In yesterday’s post I wrote:
Generous creativity is the way we get out of our own heads.
Then the question is, what is going on in our heads we feel we need to escape from? It’s a lone shrieking voice living in this echo chamber between our ears. It’s only concerned with one question, “Is what’s happening right now safe or dangerous?!”
The voice has been called the Resistance, the Censor, the lizard brain. We know it best as the voice calling us an imposter or fraud, even though it doesn’t really mean it. It’s just freaking out because it thinks it’d in danger and wants to be safe.
It’s a habit build from thousands of years of managing dangers that were literally life or death. And even with all the advancement in technology, it hasn’t caught up to how safe and comfortable our world is now compared to then, hence the paranoia.
Everything from bungee jumping to staring at a blank page will elicit the same reaction. No matter how generous our intention, or how noble our work may be, anything that’s not stable, predictable, and comfortable will trigger this paranoid voice.
It’s always seeking reassurance, a safe outcome and it can never have enough.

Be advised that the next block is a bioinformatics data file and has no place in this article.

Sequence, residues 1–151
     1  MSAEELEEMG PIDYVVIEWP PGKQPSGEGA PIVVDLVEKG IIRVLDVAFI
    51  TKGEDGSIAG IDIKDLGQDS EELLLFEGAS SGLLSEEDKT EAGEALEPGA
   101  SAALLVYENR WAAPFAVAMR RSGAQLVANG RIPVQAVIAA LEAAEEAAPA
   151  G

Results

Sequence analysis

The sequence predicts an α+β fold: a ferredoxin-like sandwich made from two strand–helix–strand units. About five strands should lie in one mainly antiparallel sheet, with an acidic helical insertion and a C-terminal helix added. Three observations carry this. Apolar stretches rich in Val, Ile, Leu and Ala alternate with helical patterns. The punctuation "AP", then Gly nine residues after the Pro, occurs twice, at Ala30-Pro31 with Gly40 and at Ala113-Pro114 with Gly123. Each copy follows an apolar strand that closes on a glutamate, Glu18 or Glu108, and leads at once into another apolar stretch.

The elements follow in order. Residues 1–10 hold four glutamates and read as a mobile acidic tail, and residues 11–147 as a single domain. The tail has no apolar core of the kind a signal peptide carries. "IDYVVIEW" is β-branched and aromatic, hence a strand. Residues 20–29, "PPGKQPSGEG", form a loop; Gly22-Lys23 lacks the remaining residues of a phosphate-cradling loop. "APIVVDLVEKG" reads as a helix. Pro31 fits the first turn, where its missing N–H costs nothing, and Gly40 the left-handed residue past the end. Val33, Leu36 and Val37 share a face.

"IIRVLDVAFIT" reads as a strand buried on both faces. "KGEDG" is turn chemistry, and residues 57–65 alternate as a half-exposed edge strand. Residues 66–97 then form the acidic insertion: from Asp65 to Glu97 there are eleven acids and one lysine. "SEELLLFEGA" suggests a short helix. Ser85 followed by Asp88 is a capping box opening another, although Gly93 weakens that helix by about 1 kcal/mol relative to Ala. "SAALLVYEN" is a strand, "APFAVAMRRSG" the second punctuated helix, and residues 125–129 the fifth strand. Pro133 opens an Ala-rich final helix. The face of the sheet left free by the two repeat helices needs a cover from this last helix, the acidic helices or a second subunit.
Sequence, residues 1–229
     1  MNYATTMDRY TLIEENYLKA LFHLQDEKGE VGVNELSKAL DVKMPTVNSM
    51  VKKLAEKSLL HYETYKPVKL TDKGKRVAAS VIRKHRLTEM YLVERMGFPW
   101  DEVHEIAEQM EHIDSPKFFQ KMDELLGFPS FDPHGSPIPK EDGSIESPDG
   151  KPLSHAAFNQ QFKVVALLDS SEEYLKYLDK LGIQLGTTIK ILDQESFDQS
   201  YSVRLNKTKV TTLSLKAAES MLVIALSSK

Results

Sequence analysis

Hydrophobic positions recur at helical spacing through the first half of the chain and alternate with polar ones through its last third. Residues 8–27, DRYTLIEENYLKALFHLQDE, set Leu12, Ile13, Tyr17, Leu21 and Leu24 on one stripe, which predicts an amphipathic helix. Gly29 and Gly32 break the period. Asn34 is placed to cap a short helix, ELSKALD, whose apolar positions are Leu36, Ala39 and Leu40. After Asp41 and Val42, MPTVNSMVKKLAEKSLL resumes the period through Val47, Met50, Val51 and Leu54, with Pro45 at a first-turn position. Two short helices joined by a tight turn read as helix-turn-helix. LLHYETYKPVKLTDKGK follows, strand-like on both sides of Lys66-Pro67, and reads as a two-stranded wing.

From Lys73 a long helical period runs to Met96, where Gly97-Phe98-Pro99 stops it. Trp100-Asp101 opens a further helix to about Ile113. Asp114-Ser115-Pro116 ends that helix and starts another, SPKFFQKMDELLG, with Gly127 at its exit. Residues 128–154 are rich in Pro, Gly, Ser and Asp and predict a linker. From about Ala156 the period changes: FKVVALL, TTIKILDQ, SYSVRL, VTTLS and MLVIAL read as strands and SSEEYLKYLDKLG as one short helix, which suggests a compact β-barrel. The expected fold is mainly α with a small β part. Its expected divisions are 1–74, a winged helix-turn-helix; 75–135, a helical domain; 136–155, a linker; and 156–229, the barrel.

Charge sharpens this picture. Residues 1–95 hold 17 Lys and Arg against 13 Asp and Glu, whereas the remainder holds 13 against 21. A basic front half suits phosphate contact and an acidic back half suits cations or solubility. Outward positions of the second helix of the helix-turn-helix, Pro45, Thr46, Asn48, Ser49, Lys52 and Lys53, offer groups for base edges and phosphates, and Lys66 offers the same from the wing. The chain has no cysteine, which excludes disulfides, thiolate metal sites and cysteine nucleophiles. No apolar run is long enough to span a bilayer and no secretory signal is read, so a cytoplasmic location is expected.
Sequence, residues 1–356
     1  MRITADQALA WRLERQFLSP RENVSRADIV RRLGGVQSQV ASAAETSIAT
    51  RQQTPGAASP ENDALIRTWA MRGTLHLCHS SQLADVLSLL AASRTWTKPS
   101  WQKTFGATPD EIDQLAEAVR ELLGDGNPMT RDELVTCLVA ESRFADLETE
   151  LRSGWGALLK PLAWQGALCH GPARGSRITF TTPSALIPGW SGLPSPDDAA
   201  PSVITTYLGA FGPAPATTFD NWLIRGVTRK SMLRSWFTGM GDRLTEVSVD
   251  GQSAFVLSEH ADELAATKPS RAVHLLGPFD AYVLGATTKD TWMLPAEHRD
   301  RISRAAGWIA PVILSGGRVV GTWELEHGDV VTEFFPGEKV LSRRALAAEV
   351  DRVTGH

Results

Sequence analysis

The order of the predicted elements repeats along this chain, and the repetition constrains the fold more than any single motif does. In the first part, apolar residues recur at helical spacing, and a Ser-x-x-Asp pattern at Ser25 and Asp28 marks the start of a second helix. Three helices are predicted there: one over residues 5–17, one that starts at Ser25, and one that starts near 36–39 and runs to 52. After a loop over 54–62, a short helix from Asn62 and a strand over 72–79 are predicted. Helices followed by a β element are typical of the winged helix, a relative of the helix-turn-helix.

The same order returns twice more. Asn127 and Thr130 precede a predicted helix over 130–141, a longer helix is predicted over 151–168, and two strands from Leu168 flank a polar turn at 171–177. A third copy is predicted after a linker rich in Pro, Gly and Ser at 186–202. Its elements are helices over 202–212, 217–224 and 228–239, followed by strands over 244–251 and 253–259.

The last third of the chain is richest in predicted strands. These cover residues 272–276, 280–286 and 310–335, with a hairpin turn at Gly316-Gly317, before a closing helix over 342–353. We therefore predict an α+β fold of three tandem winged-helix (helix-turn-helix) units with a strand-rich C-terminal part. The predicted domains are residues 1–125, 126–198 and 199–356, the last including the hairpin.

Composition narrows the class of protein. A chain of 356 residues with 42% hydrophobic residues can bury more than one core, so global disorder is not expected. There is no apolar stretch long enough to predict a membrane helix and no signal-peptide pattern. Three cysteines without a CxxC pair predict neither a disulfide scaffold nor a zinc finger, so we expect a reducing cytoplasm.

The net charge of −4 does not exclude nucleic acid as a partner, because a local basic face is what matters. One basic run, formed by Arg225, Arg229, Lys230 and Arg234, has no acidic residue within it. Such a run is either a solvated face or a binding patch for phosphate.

The worst thing social media has done was give us a false sense of reassurance through likes and comments. The goal of likes and comments were not to give reassurance, but rather keep us addicted to the platform so that they can monopolize our attention.
It’s tricked us and that voice to thinking we’ve done something meaningful. We haven’t.
The discipline we need to build is to use that voice as a signal that we are on the right track. Just as we learn to love the pain of DOMS (Delayed Onset Muscle Soreness) after we do a workout, this voice tells us we are doing work that is meaningful.
And sooner than later, if we choose to work despite what we hear in our heads, that paranoid voice becomes softer not because we train it to realize this activity is actually safe.